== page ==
University of Arkansas at Little Rock Law Review


Susannah Carr

Document Type



Current federal and state law is inadequate to protect employees from employer's misuse of their genetic information. Genetic information is knowledge of a person's genome that indicates a predisposition towards an illness, disease, or medical condition, where symptoms of the condition have yet to manifest themselves. Federal law protections are insufficient, and relevant state laws vary in their scope and application. Not only are employees unevenly protected across the United States, but varying standards also make complying with the law difficult for interstate employees.

To give employees sufficient protection and to facilitate employer compliance, Congress should pass a law specifically addressing genetic discrimination in the workplace. The law should have broad applicability, prohibit employers from using workers' genetic information in employment decisions, have limited exceptions for employer's requests for genetic information, enhance employee privacy protections, and create a private right of action.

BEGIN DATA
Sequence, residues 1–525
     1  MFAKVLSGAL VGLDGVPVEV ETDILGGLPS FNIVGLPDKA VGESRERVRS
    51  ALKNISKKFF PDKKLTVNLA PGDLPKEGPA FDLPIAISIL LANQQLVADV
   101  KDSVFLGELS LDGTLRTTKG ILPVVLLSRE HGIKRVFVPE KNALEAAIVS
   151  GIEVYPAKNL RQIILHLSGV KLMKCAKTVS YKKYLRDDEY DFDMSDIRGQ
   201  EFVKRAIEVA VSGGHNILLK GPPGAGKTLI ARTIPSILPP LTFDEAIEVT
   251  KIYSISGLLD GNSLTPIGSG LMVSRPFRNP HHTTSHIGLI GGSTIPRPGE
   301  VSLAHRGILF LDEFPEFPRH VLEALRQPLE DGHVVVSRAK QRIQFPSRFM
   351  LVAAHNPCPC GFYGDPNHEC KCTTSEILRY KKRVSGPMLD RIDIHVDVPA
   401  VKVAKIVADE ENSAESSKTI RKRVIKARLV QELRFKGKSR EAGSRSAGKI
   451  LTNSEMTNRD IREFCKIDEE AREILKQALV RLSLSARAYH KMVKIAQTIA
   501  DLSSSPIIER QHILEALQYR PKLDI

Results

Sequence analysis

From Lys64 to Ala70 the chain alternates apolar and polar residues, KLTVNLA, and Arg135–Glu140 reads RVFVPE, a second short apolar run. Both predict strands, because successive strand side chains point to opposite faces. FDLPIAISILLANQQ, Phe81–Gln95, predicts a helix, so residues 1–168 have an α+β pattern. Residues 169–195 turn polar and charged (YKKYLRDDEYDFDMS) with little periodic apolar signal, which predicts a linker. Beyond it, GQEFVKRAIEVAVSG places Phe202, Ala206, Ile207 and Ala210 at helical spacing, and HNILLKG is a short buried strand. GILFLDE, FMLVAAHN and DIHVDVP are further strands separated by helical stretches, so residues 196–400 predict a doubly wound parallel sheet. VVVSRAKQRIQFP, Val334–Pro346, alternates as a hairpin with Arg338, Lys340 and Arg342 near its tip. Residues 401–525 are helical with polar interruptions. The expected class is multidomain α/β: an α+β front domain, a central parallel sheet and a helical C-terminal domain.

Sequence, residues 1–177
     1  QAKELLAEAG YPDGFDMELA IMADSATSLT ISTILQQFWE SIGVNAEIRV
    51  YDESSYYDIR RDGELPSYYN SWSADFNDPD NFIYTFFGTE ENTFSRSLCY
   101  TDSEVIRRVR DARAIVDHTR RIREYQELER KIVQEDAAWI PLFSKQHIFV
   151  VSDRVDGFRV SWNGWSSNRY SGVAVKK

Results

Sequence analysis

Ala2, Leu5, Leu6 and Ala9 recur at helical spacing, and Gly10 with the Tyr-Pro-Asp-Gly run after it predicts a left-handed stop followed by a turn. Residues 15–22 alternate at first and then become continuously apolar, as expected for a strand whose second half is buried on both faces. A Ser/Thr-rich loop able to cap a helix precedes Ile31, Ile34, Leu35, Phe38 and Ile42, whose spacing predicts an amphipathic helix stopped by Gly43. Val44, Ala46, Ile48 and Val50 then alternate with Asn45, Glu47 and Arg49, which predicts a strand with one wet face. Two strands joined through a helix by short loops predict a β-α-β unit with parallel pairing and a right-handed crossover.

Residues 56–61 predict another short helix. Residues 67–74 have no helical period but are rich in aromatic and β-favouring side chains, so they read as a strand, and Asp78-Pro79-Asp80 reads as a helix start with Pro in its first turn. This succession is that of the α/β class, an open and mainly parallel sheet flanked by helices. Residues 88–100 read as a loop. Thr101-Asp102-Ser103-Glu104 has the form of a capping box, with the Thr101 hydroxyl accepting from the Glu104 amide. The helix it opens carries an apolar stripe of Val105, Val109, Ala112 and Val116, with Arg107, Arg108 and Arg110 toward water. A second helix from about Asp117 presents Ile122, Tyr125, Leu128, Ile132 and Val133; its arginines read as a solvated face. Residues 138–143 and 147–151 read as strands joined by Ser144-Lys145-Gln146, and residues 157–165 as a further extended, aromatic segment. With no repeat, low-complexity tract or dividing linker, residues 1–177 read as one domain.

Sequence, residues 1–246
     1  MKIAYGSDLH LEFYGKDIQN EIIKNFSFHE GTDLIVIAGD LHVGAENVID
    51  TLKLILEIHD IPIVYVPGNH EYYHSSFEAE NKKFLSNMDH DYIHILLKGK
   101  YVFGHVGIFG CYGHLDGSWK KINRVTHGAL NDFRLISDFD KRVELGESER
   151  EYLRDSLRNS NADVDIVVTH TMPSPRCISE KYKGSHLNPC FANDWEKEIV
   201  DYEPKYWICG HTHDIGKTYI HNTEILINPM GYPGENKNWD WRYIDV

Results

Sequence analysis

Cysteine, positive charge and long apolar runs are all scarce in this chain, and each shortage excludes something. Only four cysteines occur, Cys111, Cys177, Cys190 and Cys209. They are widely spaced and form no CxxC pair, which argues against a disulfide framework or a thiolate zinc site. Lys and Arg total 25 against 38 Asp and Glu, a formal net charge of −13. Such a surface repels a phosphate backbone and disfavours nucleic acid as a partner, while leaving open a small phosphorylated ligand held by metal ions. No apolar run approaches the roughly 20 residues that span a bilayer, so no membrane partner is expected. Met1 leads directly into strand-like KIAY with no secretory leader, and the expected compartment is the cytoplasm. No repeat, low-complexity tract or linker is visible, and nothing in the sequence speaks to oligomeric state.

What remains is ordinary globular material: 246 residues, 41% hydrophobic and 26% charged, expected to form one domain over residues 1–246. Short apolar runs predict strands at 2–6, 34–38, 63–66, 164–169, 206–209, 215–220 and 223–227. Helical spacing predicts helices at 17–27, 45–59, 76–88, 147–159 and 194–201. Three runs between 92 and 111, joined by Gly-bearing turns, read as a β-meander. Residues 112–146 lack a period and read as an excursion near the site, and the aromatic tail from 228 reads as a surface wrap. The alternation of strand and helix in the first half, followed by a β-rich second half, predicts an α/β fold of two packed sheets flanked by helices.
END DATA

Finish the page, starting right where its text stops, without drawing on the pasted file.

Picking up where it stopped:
Both the House and the Senate reintroduced identical Genetic Information Nondiscrimination Acts ("the bill"). This law provides employees with more protection than many similar state laws, while sufficiently protecting employers from being penalized for collecting genetic information in well-defined circumstances. This current proposed federal legislation incorporates many of the protections and exceptions necessary to create a thorough, fair, and effective genetic nondiscrimination law. To be complete, however, the bill should extend its coverage to both licensing organizations and employers acting as self-insurers. Additionally, the bill fails to include certain necessary protections and may not sufficiently anticipate future developments in genetic testing. Because the bill is relatively close to passing, lawmakers should keep it in its current form and eliminate its weaknesses by amending it in subsequent Congressional sessions.